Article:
The Archbishop of Perth, Roger Herft, is to take early retirement, he said December 15. The announcement comes two months after he voluntarily stood aside from his duties after admitting that he failed to act on repeated reports that some priests in his former diocese of Newcastle, in the Anglican Church of Australia, were sexually abusing children.

Roger told his diocesan council that he would continue to take accrued leave until he retires on July 7, 2017, a year ahead of schedule.

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Posted in * Anglican - Episcopal, Anglican Church of Australia, Anglican Provinces, Anthropology, Ethics / Moral Theology, Pastoral Theology, Theology

The Advertiser profiles New Australian Anglican Bishop Geoffrey Smith

The first challenge he faces is the move to Adelaide, getting to know the city’s people and culture, which he expects will be quite different from the diocese of Brisbane.

Bishop Smith has worked with the Sudanese community in Brisbane and is pleased that Adelaide is becoming more multicultural.

Church attendances have risen and declined in cycles over the centuries but Bishop Smith says God has not given up on the church.

He says research indicates healthy churches tend to grow the number of people who are part of them, in terms of service to the community, and in faith and generosity.

“I’ve seen churches grow; I’ve been a part of growing churches,” Bishop Smith says. “I’m going to be very focused on helping our parishes to be healthy, as well as encouraging the Anglican schools.”

Read it all.

Posted in * Anglican - Episcopal, Anglican Church of Australia, Anglican Provinces

Roman Catholic and Anglican churches slam Andrews government over treatment of young offenders

Melbourne’s Catholic and Anglican archbishops have condemned the Andrews government’s imprisonment of teenagers in “the harshest of adult prison settings”, warning that teen offenders’ welfare and chances of rehabilitation are at risk.

Catholic Archbishop Denis Hart and his Anglican counterpart Philip Freier have taken the “unusual step” of writing a joint letter to Mr Andrews offering to boost chaplaincy and pastoral care services to “the most vulnerable and impressionable children” in the care of the state as the youth justice crisis deepens.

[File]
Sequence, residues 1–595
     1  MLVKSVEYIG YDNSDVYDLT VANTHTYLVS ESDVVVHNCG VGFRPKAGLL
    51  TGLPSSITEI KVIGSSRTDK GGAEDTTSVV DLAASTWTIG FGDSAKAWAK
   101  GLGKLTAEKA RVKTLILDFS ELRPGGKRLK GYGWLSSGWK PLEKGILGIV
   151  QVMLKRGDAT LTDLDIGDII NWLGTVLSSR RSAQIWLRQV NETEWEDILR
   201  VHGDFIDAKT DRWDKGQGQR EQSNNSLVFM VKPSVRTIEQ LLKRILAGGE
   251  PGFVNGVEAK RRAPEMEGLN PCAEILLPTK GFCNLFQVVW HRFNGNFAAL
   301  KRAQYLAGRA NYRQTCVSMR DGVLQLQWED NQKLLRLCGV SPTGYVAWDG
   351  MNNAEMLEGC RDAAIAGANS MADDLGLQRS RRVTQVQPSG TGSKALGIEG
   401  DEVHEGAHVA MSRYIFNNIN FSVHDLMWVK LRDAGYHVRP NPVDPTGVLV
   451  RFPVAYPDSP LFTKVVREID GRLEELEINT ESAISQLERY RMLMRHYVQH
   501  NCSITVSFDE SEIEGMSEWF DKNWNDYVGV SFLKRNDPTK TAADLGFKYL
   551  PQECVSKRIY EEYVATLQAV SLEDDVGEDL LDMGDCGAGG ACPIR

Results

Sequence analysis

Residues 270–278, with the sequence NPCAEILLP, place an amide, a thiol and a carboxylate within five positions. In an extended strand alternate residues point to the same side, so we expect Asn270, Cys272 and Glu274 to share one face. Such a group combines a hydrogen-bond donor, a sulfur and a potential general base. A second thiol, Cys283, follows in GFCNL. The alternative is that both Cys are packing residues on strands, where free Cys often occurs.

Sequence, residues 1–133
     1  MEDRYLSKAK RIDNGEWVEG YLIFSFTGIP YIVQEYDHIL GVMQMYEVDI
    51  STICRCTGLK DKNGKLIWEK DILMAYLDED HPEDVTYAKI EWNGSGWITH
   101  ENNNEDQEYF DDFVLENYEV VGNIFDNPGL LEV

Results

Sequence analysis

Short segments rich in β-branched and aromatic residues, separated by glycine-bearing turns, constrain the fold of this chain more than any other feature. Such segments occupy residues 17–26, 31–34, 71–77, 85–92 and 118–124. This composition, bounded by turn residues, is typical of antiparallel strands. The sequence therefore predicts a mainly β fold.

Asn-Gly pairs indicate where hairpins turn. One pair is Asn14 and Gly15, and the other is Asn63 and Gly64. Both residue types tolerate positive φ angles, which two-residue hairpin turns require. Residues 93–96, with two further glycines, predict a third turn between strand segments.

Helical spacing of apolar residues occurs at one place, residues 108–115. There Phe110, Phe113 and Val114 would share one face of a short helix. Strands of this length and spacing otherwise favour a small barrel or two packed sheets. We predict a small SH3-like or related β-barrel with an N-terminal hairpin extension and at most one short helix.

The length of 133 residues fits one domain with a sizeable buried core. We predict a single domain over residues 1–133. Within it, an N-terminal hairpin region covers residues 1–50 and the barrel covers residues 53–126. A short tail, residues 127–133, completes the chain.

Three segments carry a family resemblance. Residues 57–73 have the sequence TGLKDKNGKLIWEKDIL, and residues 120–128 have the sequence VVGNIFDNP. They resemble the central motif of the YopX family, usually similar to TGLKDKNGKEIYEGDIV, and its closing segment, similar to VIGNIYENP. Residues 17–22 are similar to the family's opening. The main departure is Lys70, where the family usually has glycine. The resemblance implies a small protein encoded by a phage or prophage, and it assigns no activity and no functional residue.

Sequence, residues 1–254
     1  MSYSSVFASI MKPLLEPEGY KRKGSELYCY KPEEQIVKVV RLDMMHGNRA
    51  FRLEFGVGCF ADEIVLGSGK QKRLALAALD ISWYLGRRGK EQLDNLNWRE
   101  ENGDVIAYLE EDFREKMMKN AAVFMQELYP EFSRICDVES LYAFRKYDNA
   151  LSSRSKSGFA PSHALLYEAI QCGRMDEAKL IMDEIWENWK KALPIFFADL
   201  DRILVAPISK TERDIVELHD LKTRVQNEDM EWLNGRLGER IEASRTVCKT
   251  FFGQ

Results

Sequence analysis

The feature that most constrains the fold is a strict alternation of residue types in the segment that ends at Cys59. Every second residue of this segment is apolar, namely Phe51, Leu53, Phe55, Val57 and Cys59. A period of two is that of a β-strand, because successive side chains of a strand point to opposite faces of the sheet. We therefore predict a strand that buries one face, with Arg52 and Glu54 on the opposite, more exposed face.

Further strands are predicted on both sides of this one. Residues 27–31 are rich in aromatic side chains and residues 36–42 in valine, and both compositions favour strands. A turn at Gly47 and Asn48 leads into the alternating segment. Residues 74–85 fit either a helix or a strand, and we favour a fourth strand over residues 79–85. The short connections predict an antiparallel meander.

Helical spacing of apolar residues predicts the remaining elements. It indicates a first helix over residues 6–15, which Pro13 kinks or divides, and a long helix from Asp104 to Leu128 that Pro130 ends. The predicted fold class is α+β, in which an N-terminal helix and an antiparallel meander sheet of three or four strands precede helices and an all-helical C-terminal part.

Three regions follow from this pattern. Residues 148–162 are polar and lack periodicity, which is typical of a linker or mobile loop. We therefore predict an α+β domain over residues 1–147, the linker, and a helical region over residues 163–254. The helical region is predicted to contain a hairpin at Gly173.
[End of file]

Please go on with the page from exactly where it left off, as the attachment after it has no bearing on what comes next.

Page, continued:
Earlier this month rioting teen inmates damaged the Melbourne Youth Justice Centre at Parkville. In response, Premier Daniel Andrews’ government moved some inmates to the maximum security Barwon Prison, making “no apology” for the plan.

Read it all from The Age.

Posted in * Anglican - Episcopal, * Culture-Watch, * Economics, Politics, * Religion News & Commentary, Anglican Church of Australia, Anglican Provinces, Law & Legal Issues, Other Churches, Politics in General, Religion & Culture, Roman Catholic, Teens / Youth, Young Adults

(GAFCON) Peter Jensen–Beware when Words are Used as Weapons in the debate over sexual ethics

There have always been examples of unkind attitudes, bullying and discrimination towards people who appear to be, or who identify as, homosexual, just as there has always been racism, snobbery and other ugly traits. Sadly, Christians have sometimes been guilty of this, and in doing so we are failing to follow the way of Christ.

However, in recent years the accusation of ”˜homophobia’ has been levelled not just at these unkind attitudes towards gay people, but also reasoned biblical convictions about problems associated with homosexual practice, and any expression of concern about the power and intolerance of pressure groups. We are told that no matter how compassionate a person is towards gay people, if we do not fully embrace the goodness of the gay identity and lifestyle we are homophobes. We are said to rely on irrational feelings and thoughts to reject and damage homosexual people.